SuttaCentral

Fixing HTML on legacy texts


#41

Of course, it will be included.

Okay.


#42

There were:

  • 14532  
  • 457 >
  • 28 <

Most of these were introduced by HTML Tidy (they were already in the UVS files). The quote-nbsp option can be set to 0 to prevent them being converted (although, perhaps, shouldn’t be), but there doesn’t look to be any way to stop the > and <conversion and I guess this is actually kind of the point of HTML Tidy.

Initially, I had thought these would have been extremely straightforward to deal with, but alas no! Just finding an actual NBSP character was harder than it should be as on every online resource I visited it’s just given as a regular space (I forgot about Linux’s Character Map, where I eventually found it).

Then I picked through mixed usage of the NBSP in the files: different kinds of errors (now cleared) and few different kinds of intended/meaningful uses. Then I discovered the “Narrow no-break space” (U+202F /  ) character, which the linked article highlighted is the correct character for the French punctuation—depending on whose French you want to go by—but alas I further discovered that U+202F isn’t always supported and can render funny in some browsers.

Anyway, whichever character is used, this article that makes the reasonable point that:

If you believe in the principle that source code should be optimized for readability—I do—then you should use the   escape code, as it makes the nonbreaking space visible and explicit.

HTML Tidy’s default seems to agree with this view. The article further suggests that it might be better to find an alternative solution to the NBSP in the UVS files.

So you’ll need to decide on those points, before the remaining  s are treated (regarding French texts, if they are to be preserved, then those texts that don’t currently have the proper French punctuation spacing probably ought to be updated).

Most of the &gt;and &gt;where errors and have been deleted, but there are a few instances where the angle brackets were intended, and will have (or will) reverted following Tidy-fication. Ones that may want looking at include “< 11 >”, “<22–23>”, “<470-72>”, “<492>” which are page refs to PTS texts (I’m not sure why they haven’t been handled in the usual way).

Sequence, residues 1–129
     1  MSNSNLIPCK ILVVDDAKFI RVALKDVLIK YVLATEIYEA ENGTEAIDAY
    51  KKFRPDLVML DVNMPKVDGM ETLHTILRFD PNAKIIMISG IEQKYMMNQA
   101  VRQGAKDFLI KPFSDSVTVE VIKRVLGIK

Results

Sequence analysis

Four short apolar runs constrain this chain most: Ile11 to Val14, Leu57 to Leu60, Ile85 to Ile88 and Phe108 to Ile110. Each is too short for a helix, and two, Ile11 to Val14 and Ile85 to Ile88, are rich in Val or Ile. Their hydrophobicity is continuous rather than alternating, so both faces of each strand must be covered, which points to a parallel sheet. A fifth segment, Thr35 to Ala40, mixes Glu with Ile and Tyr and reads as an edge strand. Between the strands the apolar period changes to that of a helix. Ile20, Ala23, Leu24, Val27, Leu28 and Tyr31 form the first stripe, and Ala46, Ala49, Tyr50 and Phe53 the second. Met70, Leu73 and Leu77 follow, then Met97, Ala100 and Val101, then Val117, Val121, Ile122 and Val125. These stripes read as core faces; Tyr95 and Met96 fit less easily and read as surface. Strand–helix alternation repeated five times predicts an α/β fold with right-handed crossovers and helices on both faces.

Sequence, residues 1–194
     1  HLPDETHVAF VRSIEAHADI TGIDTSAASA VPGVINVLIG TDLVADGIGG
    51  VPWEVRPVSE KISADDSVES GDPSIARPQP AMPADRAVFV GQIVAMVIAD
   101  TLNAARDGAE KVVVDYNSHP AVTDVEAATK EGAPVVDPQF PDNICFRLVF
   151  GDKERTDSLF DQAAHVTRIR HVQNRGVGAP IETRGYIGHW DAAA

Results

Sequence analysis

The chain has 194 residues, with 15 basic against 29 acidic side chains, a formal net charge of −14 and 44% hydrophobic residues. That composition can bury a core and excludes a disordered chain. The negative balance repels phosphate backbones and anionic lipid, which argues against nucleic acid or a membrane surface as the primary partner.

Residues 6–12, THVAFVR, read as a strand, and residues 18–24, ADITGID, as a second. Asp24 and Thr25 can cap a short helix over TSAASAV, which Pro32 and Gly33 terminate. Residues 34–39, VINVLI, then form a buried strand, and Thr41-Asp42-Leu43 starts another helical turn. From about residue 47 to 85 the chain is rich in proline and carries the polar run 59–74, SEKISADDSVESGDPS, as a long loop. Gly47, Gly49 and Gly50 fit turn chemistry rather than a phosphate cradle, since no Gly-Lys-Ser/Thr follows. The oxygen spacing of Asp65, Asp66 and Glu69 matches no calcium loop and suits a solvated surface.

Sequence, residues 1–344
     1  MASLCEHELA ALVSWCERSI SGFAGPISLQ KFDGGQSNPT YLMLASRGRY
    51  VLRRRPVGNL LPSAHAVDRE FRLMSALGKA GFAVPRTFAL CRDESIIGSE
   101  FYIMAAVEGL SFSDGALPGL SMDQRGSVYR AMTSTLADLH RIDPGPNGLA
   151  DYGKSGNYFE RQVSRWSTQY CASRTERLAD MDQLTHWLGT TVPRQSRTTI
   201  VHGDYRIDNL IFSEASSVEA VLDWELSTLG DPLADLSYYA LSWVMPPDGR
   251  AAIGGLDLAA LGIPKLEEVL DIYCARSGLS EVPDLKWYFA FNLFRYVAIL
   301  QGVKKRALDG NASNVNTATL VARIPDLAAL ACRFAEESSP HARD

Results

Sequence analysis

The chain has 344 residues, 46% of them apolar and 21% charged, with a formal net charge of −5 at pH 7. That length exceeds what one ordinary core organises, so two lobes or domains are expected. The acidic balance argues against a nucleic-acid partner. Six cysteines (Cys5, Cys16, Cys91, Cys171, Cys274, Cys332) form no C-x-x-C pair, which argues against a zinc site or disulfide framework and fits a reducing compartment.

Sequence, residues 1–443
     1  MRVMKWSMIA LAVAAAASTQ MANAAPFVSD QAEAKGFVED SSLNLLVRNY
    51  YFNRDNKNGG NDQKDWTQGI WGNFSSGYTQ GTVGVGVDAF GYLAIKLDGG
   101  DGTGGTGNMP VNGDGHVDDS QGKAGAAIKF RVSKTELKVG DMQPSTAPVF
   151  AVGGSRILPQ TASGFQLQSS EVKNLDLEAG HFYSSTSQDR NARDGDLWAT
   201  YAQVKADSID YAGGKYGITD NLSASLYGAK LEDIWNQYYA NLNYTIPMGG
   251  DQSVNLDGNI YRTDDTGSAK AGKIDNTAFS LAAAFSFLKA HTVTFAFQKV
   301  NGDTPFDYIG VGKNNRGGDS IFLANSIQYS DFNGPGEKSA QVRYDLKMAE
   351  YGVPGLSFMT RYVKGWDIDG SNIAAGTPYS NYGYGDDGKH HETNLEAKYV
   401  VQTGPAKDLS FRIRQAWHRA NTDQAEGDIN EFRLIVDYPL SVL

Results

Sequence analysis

Praise be to sed!

In this process I bagged two bonuses: (1) noticing that in some cases the publication date attribute has been applied to the text the translator has translated from, not the translation (I haven’t investigated this any further), (2) finding 956 instances of </article> and </section> s in places that deviate from the standard template. Most of these weren’t wrong, per se, but as with the other consistency points, were worth standardizing to make sure nothing gets omitted by the element updating script later on.

Most weren’t wrong, some were (resulting from a regex mishap by the look of things) and I think this one might need to be followed up on, as it looks like some of the text might be missing: sc-data/html_text/vi/pli/sutta/sn/sn53/sn53.45-54.html

This has been added to <cite>.

Also, with respect to division divs I realized it was possible to target at least those supertitles that included “Nikāya” (1/5 of the texts, or 13127 texts). In the process, I noticed that some included a lang atttribute and some did not, so I added it for all of them. Similarly, it was possible to add the translate attribute to Pali sutta name supertitles (well, at least 4964 of them; others may have dodged my search term). I’m sure this isn’t perfect, but does fulfil the “where possible” principle.

As for the <i>, the translate attribute has been added to all the elements with a pre-existing lang attribute (and in addition <span>s being used in this way have been converted to <i> and had the attribute added). But! When initially replying to this point, I forgot about this:

Looking at the ‘plain’ <i>s again (i-element.zip), while again the vast majority of these are used to mark off root language words there are enough instances of deviation to prefer sorting these out before adding the translate attribute. Some just look like plain wrong applications, but others I’m not sure about.